This film chronicles the suffering and considerable sacrifices women made in the U.K. in the early 1900’s to win the right to vote. The plot unfolds primarily through the eyes of Maud (Carey Mulligan). Maud works in a laundry with atrocious working conditions including poor wages (much less for women than men), sexual assault, and inadequate safety precautions. One of her co-workers is active in the Suffragette movement and convinces her to come to a meeting.
Maud gets involved and soon gets arrested for protesting, which brings her into contact with a policeman – Officer Steed (Brendan Gleeson). He is opposed to the movement, but thinks Maud is being exploited by her Suffragette colleagues and appears to take a personal interest in her welfare. Unfortunately, these are the only two characters in the film who are fleshed out and have any depth. A cameo appearance by Meryl Streep as the movement leader (Emmeline Pankhurst) doesn’t add much.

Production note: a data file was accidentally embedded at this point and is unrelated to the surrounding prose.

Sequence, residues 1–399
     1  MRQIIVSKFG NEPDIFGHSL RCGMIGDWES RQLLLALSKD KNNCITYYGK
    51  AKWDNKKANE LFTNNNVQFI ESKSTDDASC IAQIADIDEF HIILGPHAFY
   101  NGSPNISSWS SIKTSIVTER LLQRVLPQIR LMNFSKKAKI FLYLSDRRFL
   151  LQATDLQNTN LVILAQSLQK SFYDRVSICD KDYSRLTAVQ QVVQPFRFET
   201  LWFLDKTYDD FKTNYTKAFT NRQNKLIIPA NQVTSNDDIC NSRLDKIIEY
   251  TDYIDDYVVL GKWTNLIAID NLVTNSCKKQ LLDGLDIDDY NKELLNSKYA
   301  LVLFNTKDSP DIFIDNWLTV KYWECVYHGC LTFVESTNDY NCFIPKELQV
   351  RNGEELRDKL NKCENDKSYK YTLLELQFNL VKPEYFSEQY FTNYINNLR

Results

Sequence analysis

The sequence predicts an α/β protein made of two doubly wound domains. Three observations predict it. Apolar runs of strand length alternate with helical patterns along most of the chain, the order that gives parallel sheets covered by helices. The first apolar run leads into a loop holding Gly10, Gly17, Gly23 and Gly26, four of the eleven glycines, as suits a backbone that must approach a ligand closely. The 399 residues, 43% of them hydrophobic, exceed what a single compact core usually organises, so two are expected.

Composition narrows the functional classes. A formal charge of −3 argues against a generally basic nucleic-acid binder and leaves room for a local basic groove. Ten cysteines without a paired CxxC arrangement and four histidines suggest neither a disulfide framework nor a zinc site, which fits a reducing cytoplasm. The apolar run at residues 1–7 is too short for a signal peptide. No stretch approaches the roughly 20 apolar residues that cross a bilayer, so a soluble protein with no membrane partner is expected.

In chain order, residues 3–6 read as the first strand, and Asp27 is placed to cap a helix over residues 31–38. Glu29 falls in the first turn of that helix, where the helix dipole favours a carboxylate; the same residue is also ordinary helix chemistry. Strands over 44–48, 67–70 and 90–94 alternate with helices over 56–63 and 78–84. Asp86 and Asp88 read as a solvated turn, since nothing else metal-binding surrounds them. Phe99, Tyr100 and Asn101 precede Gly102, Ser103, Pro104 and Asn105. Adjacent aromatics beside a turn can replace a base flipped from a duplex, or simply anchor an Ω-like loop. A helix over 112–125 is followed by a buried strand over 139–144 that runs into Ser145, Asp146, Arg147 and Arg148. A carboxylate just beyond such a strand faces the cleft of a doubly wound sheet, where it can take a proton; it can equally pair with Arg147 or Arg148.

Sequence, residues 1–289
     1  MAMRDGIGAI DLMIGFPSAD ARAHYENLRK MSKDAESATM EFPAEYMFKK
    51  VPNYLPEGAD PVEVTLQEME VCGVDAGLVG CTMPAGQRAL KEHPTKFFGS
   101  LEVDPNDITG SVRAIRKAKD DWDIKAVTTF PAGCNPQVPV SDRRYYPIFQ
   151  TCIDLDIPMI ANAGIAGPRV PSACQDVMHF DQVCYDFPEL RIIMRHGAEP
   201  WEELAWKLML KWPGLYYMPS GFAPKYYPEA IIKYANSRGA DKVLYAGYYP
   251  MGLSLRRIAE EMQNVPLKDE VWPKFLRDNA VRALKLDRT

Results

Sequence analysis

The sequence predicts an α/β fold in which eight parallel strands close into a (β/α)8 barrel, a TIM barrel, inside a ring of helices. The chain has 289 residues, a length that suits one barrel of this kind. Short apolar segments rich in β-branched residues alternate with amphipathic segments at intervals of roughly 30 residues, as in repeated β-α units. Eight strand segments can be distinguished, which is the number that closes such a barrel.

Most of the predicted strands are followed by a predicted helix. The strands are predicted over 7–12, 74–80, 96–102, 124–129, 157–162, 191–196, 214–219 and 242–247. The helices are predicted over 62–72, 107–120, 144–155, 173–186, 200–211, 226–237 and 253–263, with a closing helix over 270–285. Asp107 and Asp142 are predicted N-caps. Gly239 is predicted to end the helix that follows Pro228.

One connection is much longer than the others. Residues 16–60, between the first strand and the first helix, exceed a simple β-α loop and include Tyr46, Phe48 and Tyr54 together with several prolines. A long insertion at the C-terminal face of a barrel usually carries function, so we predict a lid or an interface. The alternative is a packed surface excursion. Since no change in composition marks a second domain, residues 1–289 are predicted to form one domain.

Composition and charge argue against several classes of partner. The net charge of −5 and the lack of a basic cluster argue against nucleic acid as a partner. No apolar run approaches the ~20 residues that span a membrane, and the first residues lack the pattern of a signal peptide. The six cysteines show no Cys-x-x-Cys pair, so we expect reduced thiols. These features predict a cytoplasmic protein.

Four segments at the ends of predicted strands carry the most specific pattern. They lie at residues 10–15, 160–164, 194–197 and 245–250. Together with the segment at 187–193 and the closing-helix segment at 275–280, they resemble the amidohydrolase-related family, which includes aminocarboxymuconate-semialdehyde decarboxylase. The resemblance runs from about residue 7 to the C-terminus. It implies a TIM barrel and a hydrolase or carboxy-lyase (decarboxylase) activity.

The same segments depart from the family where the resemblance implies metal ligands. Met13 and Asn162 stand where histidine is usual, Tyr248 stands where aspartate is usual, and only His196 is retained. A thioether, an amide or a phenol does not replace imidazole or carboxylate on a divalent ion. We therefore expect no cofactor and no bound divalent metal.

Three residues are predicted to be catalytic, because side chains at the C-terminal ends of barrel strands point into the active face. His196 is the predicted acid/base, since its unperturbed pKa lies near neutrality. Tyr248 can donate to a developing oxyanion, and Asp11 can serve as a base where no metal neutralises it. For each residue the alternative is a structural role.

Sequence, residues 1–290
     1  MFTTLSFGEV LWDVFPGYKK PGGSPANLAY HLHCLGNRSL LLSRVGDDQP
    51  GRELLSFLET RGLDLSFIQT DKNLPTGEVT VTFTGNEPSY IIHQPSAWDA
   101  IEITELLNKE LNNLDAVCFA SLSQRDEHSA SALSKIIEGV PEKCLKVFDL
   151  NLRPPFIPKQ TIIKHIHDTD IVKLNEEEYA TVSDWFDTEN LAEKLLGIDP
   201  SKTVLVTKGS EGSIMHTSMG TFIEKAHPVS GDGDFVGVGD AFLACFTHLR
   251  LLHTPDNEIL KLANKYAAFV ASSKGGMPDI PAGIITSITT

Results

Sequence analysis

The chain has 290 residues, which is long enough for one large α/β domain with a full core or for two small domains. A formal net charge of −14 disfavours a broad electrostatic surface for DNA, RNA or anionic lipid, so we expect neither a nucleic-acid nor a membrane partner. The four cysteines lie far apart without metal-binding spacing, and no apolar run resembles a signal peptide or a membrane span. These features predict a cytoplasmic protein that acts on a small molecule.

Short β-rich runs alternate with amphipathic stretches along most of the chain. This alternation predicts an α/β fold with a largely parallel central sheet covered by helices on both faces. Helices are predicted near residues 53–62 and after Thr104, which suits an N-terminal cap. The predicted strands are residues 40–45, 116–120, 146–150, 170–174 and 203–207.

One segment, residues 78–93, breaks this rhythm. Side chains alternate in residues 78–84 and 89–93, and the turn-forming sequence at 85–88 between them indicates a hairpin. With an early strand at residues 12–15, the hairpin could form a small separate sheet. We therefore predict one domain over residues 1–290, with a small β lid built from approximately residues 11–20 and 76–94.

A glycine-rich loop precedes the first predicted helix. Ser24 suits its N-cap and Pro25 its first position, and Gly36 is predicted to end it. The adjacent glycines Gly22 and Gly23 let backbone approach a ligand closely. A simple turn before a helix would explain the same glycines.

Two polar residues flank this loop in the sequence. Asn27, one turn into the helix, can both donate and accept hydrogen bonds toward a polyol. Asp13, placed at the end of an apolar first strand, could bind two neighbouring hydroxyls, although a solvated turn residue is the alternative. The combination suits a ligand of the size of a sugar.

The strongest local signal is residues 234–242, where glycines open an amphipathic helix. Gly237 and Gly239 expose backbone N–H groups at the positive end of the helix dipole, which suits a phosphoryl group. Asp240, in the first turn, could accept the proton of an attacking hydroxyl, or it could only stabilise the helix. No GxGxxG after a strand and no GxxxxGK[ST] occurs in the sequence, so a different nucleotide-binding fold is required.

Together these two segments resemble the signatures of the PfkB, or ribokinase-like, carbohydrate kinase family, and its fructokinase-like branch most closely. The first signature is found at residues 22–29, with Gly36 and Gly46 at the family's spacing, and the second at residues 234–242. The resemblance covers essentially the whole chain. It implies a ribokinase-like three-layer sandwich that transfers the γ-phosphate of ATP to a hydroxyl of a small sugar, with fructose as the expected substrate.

The film was informative, but only a few scenes were emotionally compelling, so I failed to get inspired. I think Mulligan is one of the better young actresses and Gleeson was also terrific, but their performances were hampered by a mediocre script.
Robin thought what the movie lacked was better development about the supportive emotional bonds between the movement women rather than just their common cause, and I agree.
My vote (although male) – just a solid rental!